“Radical” Movie Review, Live Streaming & Download

radical movie review 2023

“Radical,” a Spanish-language movie from Mexico, is based on the true story of an innovative and inspiring teacher in a poor community. Chucho (Daniel Haddad) runs an elementary school in a very poor community with corrupt officials and constant violence from gangs of drug dealers. Sergio (Eugenio Derbez) is the new teacher, brought on at the last minute when a faculty member quit just a day before school started. One of the other teachers scoffs that the only requirement for the faculty is a pulse. 

Chucho has all but given up on giving the children a meaningful education because the students walk past yellow crime scene tape and murdered bodies on the way to school, the library’s encyclopedia is 30 years old, and the computer lab has been out of service for four years. Most students drop out after sixth grade to help their families or to join gangs. The bored students suffer through lectures, memorization, and busy work.

The school is often derisively referred to as “a place of punishment.” As the students line up in their uniforms for the first day of school, Chucho barks at them, “Silence is the foundation of obedience; obedience is the foundation of discipline, and discipline is the foundation of learning.” He has no interest in challenging established procedures or authorities. If the funding for the computer lab somehow disappeared and the teachers get early copies of the standardized tests so they can be sure to get bonuses when the students memorize the answers, all he can say to Sergio is, “No one gives a damn what happens here … don’t kick the hornets’ nest.” 

Sergio Juárez Correa’s work at the José Urbina López Primary School in Matamoros, Mexico, was the subject of a 2013 Wired Magazine article titled, A Radical Way of Unleashing a Generation of Geniuses. One of the students was on the cover with the headline, “The Next Steve Jobs?” Correa was inspired by the ideas of Sugata Mitra, a British professor of educational technology, who proposed student-led learning, an updated, computer-enabled version of the ideas popularized in the 1960s by Summerhill founder A.S. Neill. “What do you want to learn?” Sergio (as he insists the students refer to him) asks. He encourages them not to worry about grades and not to be afraid of mistakes. “Who wants to be wrong first?”

When they first come to his classroom, the students pause at the door because he has turned the desks upside down and piled them in groups. He calls out to them that they are underwater, the desks are boats, and the students will drown if they cannot climb on board. But if there are too many people in a boat, it will sink. How can they determine the right number in each boat to save the most people? This makes the students want to learn about flotation, which means math and physics. It leads one student to ponder how we decide who to save when there is not enough room. Sergio tells her she is a philosopher, like John Stuart Mill. Another student, Paloma (Jennifer Trejo), becomes interested in math and astronomy. Sergio tells her she could be an aerospace engineer. Soon, Sergio has the students out on the playground, each a planet orbiting and spinning.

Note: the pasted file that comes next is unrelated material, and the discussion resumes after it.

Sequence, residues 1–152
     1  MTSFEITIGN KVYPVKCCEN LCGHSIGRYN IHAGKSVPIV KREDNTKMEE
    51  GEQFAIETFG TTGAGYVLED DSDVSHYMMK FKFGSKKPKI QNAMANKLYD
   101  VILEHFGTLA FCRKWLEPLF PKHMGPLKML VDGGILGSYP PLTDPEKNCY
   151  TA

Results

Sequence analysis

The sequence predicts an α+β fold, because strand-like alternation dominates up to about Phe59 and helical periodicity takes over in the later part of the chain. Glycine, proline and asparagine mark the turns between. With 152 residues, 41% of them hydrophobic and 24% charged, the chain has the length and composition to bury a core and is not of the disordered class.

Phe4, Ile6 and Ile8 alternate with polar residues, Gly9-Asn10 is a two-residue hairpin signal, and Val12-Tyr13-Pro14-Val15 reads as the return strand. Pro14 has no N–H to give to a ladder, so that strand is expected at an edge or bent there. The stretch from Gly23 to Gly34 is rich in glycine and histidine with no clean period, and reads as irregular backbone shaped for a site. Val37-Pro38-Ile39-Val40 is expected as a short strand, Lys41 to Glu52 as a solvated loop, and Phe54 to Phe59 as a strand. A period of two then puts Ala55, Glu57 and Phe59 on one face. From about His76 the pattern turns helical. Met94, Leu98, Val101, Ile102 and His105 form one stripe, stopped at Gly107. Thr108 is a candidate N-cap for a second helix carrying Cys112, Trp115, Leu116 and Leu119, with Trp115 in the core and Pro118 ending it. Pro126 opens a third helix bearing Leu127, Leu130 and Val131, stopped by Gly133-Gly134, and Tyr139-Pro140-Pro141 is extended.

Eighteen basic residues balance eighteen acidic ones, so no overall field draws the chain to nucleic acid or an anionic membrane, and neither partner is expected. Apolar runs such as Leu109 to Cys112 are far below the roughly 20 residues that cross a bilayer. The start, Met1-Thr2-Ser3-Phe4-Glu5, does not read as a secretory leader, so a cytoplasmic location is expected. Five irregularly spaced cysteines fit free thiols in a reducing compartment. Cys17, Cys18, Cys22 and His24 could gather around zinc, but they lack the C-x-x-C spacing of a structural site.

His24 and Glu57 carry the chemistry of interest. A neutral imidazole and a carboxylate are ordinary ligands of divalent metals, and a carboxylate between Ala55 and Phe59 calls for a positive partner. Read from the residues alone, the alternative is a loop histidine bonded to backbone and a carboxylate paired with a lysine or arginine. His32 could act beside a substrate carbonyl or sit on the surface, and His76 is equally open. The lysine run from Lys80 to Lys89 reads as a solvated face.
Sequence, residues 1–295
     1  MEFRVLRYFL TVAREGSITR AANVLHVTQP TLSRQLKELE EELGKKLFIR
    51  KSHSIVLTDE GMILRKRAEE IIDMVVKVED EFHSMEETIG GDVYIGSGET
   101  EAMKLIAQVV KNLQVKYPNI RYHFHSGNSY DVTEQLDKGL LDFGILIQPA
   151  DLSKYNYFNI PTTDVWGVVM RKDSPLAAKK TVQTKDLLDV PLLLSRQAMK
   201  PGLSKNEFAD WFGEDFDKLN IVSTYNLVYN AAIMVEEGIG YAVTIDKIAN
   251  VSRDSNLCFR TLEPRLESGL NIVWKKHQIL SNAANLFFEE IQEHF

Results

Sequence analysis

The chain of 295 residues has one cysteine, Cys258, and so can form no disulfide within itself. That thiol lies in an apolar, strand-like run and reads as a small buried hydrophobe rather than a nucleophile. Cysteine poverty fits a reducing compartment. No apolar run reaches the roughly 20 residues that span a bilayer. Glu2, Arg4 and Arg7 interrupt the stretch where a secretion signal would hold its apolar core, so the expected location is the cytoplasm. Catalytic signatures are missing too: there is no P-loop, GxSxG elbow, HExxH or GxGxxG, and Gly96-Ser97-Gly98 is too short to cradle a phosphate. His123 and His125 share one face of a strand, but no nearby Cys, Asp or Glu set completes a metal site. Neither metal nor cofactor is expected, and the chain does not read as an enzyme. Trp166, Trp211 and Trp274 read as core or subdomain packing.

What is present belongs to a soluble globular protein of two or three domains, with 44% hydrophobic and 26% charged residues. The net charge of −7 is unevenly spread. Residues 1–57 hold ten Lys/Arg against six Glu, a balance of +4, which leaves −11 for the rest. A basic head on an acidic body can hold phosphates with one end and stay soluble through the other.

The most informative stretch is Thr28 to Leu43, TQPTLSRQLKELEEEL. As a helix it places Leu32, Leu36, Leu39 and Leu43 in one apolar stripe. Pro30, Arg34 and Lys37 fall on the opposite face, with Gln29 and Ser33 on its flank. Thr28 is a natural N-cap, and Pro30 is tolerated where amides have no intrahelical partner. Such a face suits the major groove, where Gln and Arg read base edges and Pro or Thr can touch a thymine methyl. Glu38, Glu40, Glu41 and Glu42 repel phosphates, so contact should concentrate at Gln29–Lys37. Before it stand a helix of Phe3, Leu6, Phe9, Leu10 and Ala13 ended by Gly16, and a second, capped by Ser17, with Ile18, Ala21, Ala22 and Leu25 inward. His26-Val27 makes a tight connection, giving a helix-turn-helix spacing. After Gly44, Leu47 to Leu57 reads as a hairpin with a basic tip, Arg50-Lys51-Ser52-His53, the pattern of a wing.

Derbez, always a charismatic screen presence, is at his best interacting with young people, as he did playing the music teacher in “Coda” and the quirky doctor in “Miracles from Heaven.” The young actors are exceptionally expressive, particularly Jennifer Trejo as Paloma, the WIRED cover model, a gifted young mathematician who lives with her father next to the garbage dump they glean to support themselves; Mia Fernanda Solis as Lupe, who goes to the college library to check out philosophy books but is forced to drop out of school to care for her baby brother; and Danilo Guardiola as Nico, whose brother has involved him in drug smuggling but who has begun to wish for a life of learning—and a closer relationship with Paloma. 

Sergio wants to challenge the school’s systems, but most of all, he wants to challenge his sixth graders. He knows that what matters more than memorizing facts is to make them want to learn, to teach them how to learn, and to show them how capable and curious they can be. He does that for Chucho as well.

One of the movie’s most meaningful moments is when the two men sit down for a quiet talk. As Sergio and Chucho share the names of the teachers who inspired them, we see Chucho begin to reconnect with what led him to become an educator. If we are lucky, we have at least one teacher in our past who showed us what we are capable of. If not, Sergio can help remind us that it is never too late. 

Now playing in theaters. 

Radical movie poster

Radical (2023)

Rated PG-13
for some strong violent content, thematic material and strong language.

127 minutes


Eugenio Derbezas Sergio

Daniel Haddadas Chucho

Jennifer Trejoas Paloma

Mia Fernanda Solisas Lupe

Danilo Guardiola Escobaras Nico

Gilberto Barrazaas Papa Paloma

Víctor Estradaas Chepe

Manuel Márquezas Enrique

Christian Gonzalezas Jaime

Xochiquetzal Martínezas Maria


  • Christopher Zalla

Writer (based on article by)

  • Joshua Davis


  • Christopher Zalla


  • Mateo Londono


  • Eugenio Richer


  • Pascual Reyes
  • Juan Pablo Villa

“Radical” Movie Review, Live Streaming & Download Movie Review, Live Streaming & Download


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